The restaurant‘s look is manifested through a wild mix of urban pulse and human warmth, while preserving the cozy character of a European street cafe. With the design intent of a combination of simplistic, minimal elements and earthy tones that endow the space with an elegant dining environ, Amour is representative of purity and integrity and an amalgam of tradition and modernity.

The maximized glazing acts as a layer to let the restaurant function seamlessly through all seasons, allowing visitors to enjoy each space in year-round weather conditions. An open space philosophy is adopted for the space planning for the interiors, to enable space efficiency and the creation of an orderly seating plan.

In the case of , the location of the restaurant helped create the theme of the restaurant. Located in the middle of the central wing of the gentrified Khan Market, the shell of the building was distinctly colonial, built as part of the rebuilding of New Delhi by Edwin Lutyens.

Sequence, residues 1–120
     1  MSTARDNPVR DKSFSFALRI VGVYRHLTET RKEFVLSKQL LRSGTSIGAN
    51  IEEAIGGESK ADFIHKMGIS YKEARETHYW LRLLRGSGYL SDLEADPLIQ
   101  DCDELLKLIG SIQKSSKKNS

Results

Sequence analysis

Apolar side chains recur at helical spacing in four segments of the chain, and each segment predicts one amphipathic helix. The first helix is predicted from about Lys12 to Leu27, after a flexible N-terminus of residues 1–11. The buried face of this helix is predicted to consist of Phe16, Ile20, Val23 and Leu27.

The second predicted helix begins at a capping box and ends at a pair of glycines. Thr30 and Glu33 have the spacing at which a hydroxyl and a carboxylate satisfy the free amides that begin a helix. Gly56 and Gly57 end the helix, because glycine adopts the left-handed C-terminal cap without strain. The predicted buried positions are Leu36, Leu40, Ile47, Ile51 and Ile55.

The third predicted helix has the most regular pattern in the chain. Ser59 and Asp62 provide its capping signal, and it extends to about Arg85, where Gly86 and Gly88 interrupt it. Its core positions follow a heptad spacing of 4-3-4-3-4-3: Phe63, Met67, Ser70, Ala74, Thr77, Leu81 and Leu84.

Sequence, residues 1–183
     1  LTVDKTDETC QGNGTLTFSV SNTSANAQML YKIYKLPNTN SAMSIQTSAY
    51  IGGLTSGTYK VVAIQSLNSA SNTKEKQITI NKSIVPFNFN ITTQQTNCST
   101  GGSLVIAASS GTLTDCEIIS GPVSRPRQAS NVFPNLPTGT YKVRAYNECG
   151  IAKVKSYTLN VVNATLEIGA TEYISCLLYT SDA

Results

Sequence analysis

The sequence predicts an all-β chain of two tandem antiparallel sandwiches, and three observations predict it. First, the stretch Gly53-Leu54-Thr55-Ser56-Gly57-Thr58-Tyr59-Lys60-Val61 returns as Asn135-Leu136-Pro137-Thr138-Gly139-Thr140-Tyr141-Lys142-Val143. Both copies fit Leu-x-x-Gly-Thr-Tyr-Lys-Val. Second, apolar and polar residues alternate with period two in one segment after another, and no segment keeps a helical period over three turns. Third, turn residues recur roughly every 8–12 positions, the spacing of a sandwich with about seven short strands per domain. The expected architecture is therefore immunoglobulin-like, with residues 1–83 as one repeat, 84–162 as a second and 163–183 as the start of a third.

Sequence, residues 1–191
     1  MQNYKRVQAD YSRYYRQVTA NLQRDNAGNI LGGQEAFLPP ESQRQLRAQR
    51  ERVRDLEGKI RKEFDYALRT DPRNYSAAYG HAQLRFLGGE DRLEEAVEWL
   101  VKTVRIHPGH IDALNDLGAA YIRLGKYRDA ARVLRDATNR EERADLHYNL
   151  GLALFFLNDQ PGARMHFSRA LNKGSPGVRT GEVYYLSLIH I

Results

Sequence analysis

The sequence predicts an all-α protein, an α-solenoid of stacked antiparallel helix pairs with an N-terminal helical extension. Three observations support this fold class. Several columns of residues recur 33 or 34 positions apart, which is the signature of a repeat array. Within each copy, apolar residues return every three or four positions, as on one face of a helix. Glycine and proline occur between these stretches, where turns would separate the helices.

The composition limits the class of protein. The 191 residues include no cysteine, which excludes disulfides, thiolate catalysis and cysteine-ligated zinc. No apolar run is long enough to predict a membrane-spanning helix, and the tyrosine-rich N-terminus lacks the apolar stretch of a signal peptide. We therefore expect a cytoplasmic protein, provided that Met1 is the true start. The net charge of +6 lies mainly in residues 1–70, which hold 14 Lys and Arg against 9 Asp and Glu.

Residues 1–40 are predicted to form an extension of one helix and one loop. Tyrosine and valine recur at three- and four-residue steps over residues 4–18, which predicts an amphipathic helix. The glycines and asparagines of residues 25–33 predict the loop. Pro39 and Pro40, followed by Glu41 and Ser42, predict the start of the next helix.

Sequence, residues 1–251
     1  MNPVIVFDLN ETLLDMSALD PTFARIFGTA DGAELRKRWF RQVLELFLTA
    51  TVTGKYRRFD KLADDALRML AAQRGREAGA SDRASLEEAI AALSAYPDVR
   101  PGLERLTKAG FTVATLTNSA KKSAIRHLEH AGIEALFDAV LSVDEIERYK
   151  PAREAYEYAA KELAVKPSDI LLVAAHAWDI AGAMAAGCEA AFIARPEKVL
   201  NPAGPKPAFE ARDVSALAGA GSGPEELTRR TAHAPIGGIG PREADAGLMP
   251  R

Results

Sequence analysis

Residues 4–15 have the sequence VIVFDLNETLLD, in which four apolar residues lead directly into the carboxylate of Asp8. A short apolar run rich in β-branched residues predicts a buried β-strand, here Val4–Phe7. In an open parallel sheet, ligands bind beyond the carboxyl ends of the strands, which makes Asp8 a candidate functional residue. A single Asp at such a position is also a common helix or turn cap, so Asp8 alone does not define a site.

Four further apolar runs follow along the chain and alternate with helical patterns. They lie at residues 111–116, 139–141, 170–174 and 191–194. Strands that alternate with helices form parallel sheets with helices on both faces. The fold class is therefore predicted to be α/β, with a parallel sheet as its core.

This heritage was carried through to the interiors, with the various elements like the furniture, flooring and wall detailing all contributing towards imparting a period ambience. Even small details, like the ability for diners to control the lighting at their table is a nod to the colonial heritage of the era.

Backyard, as the name suggests, is meant to convey the ambience of a casual gathering in a domestic setting. Set in lots of open area underlaid with loose gravel, the principal design element is the connection of the indoors and outdoors, underscoring the sensation of walking through a house to discover your friends having a good time in the back.

As standards of safety and fire protection are becoming more stringent, the increasingly complex web of services and amenities must be designed to work hand in hand. Kitchens need detailed design for clearing air through exhausts, maintaining hygiene through ease of cleanliness and ensuring quality of food held in storage. Audio and projection technology has become both simple and complex, requiring fewer components to produce great quality sound, but needing more intelligent coordination with other interior services. Speed of evacuation is another important factor to be considered and all these systems need to work in conjunction with the overall design of the spaces, affording adequate movement in both the served and service areas.